I would be more careful about tangents. I was not thinking clearly and crossed the road to keep a straight line but on an out and back course, I shouldn’t have crossed the middle (I think? I’m still not totally understanding this tangent thing, all I know is that I’m pretty sure I ran an extra half mile on this curvy course).
I’ll also be careful about not going out too fast, I wanted even splits and ended up with an almost 4 min positive split.
I might save my energy a bit more with my own encouragement to other runners, while it was really fun to cheer back to folks who were cheering for me, I may have gotten a bit distracted with that while going for a PR.
Aesthetics – Is it a pretty course?
This course is gorgeous, can’t beat running a road marathon covered by majestic redwoods.
Difficulty – Is it a tough course?
It’s not too difficult and it’s not too easy. There is elevation that will catch up to you, but you don’t notice it too much until the end.
Organized and well run – Did it feel like a well-oiled machine or were they flying by the seat of their pants?
They’ve been running this race for 40 years, it’s a small operation but they manage it very well. It seems that they know their limits of entry and respect it to keep the race small and manageable.
Competition – Is there a strong field?
For women, it depends on who shows up. For the last few years, you needed to be sub 3 to take home the win, (and the $1000 prize money). This year 1st and 2nd place were sub 3. I came in 5th place with 3:11:51.
Logistics – Does it require a special handshake, registration a year in advance, hotels all booked? Give us the low down on the nuts and bolts of making the race happen.
I don’t know about lodging since I stayed with friends, but make sure to leave enough time to get to the race location. It’s kind of in the middle of nowhere, it takes over 4 hours to drive from Sacramento or San Francisco to the area so plan your drives accordingly.
Aid Stations – Standard fare or anything special to know about the aid stations in terms of what’s available or when?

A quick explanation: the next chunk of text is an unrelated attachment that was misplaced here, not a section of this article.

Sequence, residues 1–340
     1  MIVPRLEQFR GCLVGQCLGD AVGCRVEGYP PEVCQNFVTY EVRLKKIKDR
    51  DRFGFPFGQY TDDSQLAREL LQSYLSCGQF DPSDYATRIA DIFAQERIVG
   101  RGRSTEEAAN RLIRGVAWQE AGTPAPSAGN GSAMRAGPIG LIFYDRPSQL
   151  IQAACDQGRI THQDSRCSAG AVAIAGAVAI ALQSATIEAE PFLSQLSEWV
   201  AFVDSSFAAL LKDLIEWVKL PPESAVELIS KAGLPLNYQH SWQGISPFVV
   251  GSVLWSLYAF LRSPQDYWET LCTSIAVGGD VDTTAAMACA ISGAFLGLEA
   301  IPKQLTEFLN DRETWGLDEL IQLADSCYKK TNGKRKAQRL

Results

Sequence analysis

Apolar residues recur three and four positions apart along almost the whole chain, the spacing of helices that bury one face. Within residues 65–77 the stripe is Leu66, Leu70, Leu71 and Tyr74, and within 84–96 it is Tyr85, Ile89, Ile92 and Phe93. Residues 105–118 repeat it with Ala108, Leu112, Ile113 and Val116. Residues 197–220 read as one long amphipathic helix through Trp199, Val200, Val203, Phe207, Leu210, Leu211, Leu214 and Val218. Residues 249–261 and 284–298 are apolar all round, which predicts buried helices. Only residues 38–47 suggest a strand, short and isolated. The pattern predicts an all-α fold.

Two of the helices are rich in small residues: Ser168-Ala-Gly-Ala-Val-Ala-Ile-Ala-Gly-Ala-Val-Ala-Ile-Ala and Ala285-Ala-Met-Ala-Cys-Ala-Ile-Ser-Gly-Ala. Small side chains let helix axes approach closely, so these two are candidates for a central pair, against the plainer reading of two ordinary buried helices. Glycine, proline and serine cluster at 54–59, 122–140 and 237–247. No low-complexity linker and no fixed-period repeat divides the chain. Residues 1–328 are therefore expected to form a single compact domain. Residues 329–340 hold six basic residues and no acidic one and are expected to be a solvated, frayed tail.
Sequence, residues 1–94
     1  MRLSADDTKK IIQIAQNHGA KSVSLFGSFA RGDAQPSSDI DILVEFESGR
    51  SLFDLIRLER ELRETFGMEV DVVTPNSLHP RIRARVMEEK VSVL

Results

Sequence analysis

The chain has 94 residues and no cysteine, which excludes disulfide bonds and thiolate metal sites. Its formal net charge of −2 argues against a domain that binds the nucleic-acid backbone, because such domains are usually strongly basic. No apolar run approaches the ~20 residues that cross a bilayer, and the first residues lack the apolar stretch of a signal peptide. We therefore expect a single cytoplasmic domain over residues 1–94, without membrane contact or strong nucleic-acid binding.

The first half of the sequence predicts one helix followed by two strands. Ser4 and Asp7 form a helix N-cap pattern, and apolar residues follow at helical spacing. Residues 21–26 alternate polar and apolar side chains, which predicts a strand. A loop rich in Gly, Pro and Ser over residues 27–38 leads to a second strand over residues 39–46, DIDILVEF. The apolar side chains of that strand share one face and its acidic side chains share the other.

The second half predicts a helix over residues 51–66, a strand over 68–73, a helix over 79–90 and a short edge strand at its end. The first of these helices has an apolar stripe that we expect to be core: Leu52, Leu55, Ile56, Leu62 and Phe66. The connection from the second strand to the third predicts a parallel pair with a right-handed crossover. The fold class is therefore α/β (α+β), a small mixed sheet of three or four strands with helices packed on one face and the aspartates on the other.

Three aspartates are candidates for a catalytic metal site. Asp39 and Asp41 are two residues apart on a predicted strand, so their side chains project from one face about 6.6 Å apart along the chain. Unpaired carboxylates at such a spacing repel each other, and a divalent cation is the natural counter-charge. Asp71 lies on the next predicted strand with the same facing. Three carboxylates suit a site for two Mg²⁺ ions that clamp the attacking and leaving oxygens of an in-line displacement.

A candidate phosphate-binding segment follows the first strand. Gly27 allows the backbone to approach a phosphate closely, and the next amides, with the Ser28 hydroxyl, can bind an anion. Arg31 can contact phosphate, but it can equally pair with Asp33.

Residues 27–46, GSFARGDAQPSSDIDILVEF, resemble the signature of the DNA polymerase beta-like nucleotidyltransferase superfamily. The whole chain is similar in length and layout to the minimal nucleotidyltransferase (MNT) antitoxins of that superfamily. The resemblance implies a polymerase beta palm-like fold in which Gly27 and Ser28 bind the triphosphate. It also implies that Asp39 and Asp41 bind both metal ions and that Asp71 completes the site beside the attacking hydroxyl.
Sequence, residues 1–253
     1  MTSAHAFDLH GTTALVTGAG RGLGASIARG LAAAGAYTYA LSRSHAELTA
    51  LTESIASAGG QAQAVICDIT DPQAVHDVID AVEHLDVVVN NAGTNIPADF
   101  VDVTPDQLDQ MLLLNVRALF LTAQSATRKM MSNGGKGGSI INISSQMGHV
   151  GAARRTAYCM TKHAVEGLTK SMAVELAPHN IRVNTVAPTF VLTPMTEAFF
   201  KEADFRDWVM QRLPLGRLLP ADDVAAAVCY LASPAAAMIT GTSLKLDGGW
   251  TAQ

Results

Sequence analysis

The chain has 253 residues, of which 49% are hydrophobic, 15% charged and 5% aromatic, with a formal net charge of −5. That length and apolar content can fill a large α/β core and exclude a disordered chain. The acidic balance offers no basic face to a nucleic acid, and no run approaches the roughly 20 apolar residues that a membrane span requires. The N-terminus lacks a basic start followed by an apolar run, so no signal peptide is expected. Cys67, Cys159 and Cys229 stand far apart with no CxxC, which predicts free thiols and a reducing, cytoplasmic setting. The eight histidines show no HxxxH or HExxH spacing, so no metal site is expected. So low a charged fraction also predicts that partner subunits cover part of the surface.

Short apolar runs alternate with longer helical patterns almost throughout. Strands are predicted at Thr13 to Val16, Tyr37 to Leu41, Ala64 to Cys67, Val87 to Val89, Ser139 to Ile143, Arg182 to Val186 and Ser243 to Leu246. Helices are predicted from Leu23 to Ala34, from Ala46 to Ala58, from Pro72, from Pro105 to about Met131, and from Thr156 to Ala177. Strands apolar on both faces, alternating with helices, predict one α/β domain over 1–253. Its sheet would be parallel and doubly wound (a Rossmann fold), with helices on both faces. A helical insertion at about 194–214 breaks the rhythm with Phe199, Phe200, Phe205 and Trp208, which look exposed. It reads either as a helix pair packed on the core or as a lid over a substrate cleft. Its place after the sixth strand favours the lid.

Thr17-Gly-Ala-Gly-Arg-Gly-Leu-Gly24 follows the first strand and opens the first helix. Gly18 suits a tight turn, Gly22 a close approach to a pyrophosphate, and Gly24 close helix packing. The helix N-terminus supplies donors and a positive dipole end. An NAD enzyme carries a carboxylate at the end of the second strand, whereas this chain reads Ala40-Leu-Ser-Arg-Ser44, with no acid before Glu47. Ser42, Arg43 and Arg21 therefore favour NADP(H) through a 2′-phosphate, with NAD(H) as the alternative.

Standard fare water and Gatorade, some bananas and oranges too, about every two miles and they have great signs that tell you when to expect the aid station. They give out Gu’s at the halfway point before you go under the overpass.
Weather and typical race conditions
Typically close to perfect weather conditions. I hear it can get humid
Spectators – Is this a friendly course for your friends?
Not really spectator friendly. It’s good to have folks cheering at the halfway spot but it’s hard to get out onto any other parts of the course because the roads are closed. It’s an out and back and you merge with the half and 10kers so race participants are kind of your spectators. So many were friendly and encouraging, so it’s not like you’re out in the middle of nowhere alone for too long.
How’s the Swag?
Not bad! A magnet, t-shirt, medal. I got a second gold-colored medal for getting first in my age group, along with a wine glass and a beer! Also good to know is that there’s a taco truck at the end, a nice amenity for post-race noms.
The Overall Score – How many stars do you give this race and do you recommend that others run it?
Definitely a 5-star race and worth putting on your list.
Meg Gayman is a coach with Team RunRun. To learn more about her or to work with Coach Meg, check out her coaching page.